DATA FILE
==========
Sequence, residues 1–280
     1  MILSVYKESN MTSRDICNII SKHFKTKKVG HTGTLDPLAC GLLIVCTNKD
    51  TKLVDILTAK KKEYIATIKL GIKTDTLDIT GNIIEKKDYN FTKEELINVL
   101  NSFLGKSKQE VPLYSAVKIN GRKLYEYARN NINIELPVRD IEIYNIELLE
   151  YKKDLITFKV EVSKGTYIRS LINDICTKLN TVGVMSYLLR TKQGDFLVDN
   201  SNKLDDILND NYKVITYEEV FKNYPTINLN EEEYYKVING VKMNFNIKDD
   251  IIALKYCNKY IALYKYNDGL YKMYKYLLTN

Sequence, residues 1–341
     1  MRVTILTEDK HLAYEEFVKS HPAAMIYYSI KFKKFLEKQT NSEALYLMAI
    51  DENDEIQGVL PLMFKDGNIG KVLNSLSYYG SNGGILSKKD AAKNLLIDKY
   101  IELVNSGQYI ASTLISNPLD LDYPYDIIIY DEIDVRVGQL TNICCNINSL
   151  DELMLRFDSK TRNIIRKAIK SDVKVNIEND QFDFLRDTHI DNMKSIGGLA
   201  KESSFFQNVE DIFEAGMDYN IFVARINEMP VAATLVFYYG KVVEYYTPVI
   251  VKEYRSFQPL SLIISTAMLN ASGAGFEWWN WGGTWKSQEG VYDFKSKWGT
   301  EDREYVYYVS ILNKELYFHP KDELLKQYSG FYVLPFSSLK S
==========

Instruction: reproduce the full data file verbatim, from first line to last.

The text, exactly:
Sequence, residues 1–280
     1  MILSVYKESN MTSRDICNII SKHFKTKKVG HTGTLDPLAC GLLIVCTNKD
    51  TKLVDILTAK KKEYIATIKL GIKTDTLDIT GNIIEKKDYN FTKEELINVL
   101  NSFLGKSKQE VPLYSAVKIN GRKLYEYARN NINIELPVRD IEIYNIELLE
   151  YKKDLITFKV EVSKGTYIRS LINDICTKLN TVGVMSYLLR TKQGDFLVDN
   201  SNKLDDILND NYKVITYEEV FKNYPTINLN EEEYYKVING VKMNFNIKDD
   251  IIALKYCNKY IALYKYNDGL YKMYKYLLTN

Sequence, residues 1–341
     1  MRVTILTEDK HLAYEEFVKS HPAAMIYYSI KFKKFLEKQT NSEALYLMAI
    51  DENDEIQGVL PLMFKDGNIG KVLNSLSYYG SNGGILSKKD AAKNLLIDKY
   101  IELVNSGQYI ASTLISNPLD LDYPYDIIIY DEIDVRVGQL TNICCNINSL
   151  DELMLRFDSK TRNIIRKAIK SDVKVNIEND QFDFLRDTHI DNMKSIGGLA
   201  KESSFFQNVE DIFEAGMDYN IFVARINEMP VAATLVFYYG KVVEYYTPVI
   251  VKEYRSFQPL SLIISTAMLN ASGAGFEWWN WGGTWKSQEG VYDFKSKWGT
   301  EDREYVYYVS ILNKELYFHP KDELLKQYSG FYVLPFSSLK S